At the Court Theatre in Chicago, February 20, 1921…

…playwright Marc Connelly, 30, is feeling excited.

Dulcy, his first collaboration with George S. Kaufman, 31, also from western Pennsylvania, is about to open in its tryout before Broadway.

They had written it at night, after working their day jobs on Manhattan newspapers, and based it on a character used in the column of their Algonquin Round Table lunch buddy, FPA [Franklin Pierce Adams, 39].

A week ago Dulcy had been a hit in Indianapolis. The lead Lynn Fontanne, 33, has star written all over her.

But his new writing partner, Kaufman, is a wreck. At dinner tonight he said to Connelly,

We’ve been kidding ourselves and might as well admit it.’

If Kaufmann is this nervous when things are going well, Connelly thinks, what is he going to be like to work with when they don’t have a hit?!

dulcy-poster Pgh playwrights co.

Poster for a recent production of Dulcy by the Pittsburgh Playwrights Co.

Again this year, we’ll be telling stories about these groups of ‘such friends,’ during and after their times together.

Manager as Muse explores Scribner’s editor Maxwell Perkins’ work with F. Scott Fitzgerald, Ernest Hemingway and Thomas Wolfe and is available on Amazon in both print and Kindle versions.

To walk with me and the ‘Such Friends’ through Bloomsbury, download the Virginia Woolf and the Bloomsbury Group audio walking tour from VoiceMap. Look for our upcoming walking tour about the Paris ‘such friends.’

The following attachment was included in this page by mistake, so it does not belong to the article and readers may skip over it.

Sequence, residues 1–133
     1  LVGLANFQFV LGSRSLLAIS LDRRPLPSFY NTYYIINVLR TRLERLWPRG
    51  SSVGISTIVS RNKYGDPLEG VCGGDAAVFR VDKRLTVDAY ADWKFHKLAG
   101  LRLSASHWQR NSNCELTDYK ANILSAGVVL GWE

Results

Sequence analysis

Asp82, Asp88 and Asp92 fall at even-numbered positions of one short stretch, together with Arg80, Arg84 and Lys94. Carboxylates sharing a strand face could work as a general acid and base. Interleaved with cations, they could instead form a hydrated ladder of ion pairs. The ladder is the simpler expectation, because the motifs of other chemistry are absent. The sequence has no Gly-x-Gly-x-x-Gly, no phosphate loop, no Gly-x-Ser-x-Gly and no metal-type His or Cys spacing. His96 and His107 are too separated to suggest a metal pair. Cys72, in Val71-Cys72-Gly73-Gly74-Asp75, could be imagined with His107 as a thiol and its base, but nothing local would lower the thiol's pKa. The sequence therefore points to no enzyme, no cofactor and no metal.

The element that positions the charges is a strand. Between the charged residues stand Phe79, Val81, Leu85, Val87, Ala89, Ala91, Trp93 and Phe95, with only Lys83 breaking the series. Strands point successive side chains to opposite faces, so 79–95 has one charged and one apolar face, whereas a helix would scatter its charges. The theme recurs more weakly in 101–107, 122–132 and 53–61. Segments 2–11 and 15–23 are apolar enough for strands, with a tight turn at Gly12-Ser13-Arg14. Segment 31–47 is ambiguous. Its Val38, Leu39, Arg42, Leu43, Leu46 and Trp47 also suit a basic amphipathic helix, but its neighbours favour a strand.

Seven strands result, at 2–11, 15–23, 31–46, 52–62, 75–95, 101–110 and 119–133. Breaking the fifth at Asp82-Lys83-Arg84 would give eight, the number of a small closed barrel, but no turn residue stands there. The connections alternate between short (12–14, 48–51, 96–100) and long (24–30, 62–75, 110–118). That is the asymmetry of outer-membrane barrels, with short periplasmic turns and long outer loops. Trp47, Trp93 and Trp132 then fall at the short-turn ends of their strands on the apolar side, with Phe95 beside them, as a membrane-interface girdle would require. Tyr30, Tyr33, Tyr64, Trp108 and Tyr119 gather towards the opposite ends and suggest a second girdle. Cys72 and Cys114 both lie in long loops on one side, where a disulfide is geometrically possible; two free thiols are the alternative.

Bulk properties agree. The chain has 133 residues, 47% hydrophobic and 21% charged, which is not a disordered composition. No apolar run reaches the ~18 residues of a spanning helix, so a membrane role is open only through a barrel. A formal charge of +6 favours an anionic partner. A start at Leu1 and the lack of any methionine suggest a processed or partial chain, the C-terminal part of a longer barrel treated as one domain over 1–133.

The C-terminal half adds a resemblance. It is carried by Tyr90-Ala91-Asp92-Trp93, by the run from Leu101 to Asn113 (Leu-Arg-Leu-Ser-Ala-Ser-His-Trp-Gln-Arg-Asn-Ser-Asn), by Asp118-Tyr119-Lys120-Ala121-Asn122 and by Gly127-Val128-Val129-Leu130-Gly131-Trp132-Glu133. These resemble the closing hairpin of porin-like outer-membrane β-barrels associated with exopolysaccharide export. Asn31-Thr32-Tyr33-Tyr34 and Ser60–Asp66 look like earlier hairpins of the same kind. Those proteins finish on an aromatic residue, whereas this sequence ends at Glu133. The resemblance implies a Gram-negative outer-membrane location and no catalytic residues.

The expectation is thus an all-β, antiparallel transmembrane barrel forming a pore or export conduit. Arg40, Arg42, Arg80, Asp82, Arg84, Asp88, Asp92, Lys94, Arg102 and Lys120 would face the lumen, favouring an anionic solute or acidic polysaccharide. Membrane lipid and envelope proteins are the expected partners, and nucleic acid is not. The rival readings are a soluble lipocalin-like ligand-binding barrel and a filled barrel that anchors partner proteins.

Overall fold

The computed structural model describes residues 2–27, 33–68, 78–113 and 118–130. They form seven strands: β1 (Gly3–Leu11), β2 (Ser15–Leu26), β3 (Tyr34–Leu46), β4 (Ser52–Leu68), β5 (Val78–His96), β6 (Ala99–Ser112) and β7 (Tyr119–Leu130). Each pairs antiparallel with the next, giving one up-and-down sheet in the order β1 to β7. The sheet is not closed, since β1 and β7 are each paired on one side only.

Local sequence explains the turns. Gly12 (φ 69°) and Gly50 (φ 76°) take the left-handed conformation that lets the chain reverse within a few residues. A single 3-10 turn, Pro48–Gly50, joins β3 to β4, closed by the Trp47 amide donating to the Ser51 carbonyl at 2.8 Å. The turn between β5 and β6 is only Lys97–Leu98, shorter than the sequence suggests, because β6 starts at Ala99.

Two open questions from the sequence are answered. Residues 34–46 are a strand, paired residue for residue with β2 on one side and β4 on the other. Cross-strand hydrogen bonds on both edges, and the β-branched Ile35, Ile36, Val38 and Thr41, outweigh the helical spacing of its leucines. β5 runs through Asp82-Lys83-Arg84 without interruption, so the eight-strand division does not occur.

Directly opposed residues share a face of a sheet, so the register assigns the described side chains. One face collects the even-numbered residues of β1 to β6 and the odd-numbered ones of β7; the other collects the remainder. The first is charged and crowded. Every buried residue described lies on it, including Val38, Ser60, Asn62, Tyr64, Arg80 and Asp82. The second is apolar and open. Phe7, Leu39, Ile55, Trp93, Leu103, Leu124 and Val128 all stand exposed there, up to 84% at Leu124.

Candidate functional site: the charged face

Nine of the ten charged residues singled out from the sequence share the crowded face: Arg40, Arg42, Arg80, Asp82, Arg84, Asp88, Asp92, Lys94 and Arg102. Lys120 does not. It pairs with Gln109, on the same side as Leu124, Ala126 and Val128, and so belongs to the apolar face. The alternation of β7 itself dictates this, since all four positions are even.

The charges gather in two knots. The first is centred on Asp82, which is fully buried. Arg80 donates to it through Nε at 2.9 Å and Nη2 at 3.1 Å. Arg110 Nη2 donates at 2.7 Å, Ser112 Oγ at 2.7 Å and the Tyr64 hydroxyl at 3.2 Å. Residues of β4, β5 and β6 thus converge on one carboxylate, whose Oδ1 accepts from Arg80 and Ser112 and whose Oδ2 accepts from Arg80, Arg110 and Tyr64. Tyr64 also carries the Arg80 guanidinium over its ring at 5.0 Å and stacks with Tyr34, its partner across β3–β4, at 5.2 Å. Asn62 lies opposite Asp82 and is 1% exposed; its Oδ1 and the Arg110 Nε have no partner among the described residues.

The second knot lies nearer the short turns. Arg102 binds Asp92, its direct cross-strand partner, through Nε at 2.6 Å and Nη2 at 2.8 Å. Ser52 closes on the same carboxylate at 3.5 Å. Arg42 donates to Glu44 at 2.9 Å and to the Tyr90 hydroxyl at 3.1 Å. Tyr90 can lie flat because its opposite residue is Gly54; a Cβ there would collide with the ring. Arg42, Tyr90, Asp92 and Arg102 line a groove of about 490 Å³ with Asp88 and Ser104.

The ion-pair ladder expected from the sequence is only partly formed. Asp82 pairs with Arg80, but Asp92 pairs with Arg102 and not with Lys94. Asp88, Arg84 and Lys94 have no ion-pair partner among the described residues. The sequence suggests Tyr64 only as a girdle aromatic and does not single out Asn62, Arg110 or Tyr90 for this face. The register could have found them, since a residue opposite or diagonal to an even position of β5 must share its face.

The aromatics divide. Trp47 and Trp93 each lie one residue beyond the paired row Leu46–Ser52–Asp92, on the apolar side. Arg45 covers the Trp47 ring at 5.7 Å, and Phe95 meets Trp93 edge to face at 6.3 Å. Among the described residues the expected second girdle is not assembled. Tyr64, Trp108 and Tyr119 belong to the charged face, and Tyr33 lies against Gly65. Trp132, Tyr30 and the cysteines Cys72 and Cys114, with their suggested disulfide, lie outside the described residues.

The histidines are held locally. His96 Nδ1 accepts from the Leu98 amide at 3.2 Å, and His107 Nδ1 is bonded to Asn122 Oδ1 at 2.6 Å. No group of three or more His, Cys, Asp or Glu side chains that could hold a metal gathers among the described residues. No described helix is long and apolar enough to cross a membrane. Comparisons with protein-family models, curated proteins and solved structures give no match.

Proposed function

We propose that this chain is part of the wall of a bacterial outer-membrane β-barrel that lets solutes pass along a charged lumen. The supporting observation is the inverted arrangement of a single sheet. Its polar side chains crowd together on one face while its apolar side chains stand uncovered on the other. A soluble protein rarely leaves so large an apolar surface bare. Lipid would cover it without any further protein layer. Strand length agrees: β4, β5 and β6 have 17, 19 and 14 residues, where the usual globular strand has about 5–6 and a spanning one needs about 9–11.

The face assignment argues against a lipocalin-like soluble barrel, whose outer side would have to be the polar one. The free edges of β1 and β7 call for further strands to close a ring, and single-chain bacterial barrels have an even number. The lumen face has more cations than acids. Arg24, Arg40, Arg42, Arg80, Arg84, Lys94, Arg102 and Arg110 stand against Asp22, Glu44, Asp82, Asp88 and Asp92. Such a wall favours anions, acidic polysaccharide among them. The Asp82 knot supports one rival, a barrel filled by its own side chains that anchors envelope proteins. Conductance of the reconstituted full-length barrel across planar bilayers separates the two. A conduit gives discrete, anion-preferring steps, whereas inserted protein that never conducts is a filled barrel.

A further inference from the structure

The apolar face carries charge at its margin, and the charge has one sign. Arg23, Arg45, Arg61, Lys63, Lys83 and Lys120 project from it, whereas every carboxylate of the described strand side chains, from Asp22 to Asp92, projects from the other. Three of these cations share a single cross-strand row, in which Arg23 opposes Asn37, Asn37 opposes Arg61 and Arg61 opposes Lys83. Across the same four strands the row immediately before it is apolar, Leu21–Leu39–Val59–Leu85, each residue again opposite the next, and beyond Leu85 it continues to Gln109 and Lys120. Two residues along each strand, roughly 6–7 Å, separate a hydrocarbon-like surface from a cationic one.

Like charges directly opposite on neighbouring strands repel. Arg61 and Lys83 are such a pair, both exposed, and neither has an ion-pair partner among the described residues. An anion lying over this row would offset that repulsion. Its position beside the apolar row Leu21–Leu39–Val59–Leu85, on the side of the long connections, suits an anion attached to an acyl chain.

At 412 West 47th Street, ‘Hell’s Kitchen,’ in Manhattan, September 1922…

…New York Times drama critic Alexander Woollcott, 35, is looking forward to the big housewarming he has planned with his new roommates, Harold Ross, 29, and his wife, Jane Grant, 30.

Last year, Harold and Jane were going over blueprints for their new home, and Alex had burst in and said,

I’m joining this little intrigue.’

Since then he’s enjoyed the planning and remodelling. He owns 25% of the place, but likes making 100% of the decisions. Except the domestic part. That’s left to Jane.

All involved had agreed with Woollcott’s demand that any of the Algonquin Round Table would be welcome at any time for any meal. Why not?, he thought.

Their ‘Vicious Circle’ friends Dorothy Parker, 29, and Harpo Marx, 33—Alex just loves Harpo—have rented a carousel for the day, to keep the kids happy.

But Alex isn’t happy about some of the people Harold and Jane have included on the guest list. He’s thinking he just might boycott.

412-14_W_47th_Street